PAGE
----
Did any of the contestants promise to promote world peace if they’d won? “I can’t remember. Quite a few wanted to become Tennent’s Can Girls. I’d like to think these contests were tongue-in-cheek and not sleazy but I do remember, back at the day job the morning after one of them, a BBC producer who shall remain nameless asking: ‘Well, Dougie, after the winner was announced did you complete your compere’s duties in the time-honoured fashion and offer to console the runner-up?’ Different times, for sure!”
Now DD must be going; the dog needs walked. Not so fast, I say, we haven’t discussed those furniture ads. If Arthur’s catchphrase was “Stramash!” and Archie’s was “Woof!”, is Dougie going to be remembered for “Tillicoultry, near Stirling”? He contemplates such a carved-in-stone inscription and groans.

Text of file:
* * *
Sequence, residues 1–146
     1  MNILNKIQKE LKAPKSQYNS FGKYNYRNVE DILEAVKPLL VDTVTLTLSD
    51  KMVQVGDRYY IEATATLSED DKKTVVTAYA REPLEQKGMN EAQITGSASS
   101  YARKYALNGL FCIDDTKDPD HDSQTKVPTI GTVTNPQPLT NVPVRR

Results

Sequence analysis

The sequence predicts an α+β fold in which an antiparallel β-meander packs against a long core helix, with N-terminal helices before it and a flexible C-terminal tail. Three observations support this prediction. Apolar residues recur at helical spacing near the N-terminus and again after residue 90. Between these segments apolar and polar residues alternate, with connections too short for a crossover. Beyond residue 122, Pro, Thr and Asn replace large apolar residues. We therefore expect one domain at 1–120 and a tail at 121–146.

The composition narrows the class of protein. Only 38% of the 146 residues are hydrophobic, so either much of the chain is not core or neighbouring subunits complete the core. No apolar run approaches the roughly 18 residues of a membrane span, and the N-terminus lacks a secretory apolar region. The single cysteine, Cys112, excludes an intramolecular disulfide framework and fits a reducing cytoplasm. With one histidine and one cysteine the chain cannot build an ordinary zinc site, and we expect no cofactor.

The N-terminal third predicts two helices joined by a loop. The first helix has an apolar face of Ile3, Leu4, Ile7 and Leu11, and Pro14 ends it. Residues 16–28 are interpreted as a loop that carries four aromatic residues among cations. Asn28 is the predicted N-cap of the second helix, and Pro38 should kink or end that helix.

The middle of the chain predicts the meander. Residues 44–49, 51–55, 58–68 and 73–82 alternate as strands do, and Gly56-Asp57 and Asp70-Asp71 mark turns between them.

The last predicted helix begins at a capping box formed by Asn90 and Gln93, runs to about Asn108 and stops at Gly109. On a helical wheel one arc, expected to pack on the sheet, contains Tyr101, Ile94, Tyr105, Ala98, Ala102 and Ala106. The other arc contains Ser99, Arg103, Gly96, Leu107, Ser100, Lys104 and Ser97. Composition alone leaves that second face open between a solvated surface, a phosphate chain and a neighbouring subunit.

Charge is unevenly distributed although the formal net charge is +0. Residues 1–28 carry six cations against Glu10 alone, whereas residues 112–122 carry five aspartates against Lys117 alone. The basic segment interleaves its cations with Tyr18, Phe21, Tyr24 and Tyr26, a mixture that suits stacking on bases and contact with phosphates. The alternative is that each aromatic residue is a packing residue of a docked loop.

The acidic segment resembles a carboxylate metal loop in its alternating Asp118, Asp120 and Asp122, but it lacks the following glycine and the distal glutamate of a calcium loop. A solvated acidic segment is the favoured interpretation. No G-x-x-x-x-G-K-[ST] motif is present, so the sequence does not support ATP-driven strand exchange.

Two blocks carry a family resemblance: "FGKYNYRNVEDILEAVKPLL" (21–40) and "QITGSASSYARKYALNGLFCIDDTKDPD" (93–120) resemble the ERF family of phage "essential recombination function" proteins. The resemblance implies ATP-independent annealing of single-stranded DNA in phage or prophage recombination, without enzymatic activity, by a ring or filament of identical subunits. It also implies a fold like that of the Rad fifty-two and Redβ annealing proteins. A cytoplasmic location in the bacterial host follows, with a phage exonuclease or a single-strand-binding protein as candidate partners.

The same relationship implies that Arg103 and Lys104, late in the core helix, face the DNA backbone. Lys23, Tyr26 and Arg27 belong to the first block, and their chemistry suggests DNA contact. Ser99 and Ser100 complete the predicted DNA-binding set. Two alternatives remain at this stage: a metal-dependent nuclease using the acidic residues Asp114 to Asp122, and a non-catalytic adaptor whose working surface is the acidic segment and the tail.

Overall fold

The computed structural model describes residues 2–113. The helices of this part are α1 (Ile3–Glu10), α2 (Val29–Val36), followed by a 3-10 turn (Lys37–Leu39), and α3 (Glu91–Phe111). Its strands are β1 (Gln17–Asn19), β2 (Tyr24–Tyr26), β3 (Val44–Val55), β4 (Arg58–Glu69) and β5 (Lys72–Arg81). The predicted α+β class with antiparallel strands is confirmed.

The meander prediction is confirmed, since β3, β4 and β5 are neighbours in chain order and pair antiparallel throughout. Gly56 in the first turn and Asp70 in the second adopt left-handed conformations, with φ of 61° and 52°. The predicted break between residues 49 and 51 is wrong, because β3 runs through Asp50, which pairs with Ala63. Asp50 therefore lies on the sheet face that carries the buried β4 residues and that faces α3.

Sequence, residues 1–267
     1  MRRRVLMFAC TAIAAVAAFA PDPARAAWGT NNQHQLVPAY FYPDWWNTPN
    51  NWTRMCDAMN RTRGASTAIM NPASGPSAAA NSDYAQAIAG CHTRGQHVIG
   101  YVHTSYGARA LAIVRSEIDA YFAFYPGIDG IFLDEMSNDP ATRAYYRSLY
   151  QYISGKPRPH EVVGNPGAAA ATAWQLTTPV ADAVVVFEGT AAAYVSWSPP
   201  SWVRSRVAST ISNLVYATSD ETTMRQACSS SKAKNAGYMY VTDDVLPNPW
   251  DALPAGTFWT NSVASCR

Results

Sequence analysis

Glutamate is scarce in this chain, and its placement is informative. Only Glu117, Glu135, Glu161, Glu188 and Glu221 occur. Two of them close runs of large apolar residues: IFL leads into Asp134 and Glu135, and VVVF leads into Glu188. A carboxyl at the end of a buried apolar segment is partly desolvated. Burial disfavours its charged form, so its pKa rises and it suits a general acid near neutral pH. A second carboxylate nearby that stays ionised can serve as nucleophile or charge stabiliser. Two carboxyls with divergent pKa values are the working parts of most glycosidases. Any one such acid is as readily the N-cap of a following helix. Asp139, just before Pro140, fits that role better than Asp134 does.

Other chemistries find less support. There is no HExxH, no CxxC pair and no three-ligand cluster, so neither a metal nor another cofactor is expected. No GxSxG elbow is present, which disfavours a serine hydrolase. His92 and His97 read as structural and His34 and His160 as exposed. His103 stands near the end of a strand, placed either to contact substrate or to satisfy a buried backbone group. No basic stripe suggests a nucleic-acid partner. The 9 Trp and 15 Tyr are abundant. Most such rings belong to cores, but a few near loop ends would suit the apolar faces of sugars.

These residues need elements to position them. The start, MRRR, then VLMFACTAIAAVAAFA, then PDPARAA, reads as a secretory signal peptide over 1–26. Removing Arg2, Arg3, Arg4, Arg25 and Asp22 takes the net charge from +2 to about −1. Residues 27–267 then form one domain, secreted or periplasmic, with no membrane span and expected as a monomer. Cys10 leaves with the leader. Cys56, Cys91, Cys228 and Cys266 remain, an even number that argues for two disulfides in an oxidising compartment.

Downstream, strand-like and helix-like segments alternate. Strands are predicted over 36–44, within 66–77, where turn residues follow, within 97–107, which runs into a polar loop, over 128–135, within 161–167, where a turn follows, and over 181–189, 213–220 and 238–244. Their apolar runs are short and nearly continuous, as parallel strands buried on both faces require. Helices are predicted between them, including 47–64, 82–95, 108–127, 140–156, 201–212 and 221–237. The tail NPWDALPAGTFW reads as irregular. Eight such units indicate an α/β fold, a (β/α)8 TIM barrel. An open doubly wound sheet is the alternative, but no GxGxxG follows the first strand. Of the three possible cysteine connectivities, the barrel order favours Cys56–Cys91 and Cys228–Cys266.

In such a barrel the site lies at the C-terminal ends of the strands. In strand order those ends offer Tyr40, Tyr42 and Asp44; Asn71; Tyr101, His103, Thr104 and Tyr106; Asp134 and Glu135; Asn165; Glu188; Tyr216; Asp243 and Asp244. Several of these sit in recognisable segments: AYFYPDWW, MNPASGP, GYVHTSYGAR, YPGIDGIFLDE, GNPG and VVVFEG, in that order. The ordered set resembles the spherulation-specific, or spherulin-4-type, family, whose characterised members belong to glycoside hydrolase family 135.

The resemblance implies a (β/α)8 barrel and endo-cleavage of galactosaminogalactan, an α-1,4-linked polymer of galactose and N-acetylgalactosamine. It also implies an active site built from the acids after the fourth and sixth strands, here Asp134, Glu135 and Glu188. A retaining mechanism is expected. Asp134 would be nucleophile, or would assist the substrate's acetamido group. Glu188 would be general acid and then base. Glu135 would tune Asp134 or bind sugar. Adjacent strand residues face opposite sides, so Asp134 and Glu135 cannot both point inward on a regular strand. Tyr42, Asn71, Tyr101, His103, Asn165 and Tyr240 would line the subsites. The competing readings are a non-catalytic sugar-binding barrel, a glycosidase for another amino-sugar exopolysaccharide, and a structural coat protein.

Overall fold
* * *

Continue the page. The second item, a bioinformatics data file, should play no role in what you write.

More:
“That pay-off line did follow me around. In Stirling once, a traffic warden marched up and said: ‘Can you not say ‘near Alloa’? That would be more accurate and stop strangers after a new three-piece suite who are lost from bothering me.
“But the store, which was very good to me, did give me my funniest moment. It was the 1992 European Championships in Sweden, Scotland were playing the CIS, and I was in the gantry at Norrkoping with Alex McLeish. The Tartan Army were massed below us. Just as I was about to ask Big Eck about the game, they burst into song: “One Tillicoultry, there’s only one Tillicoultry…’”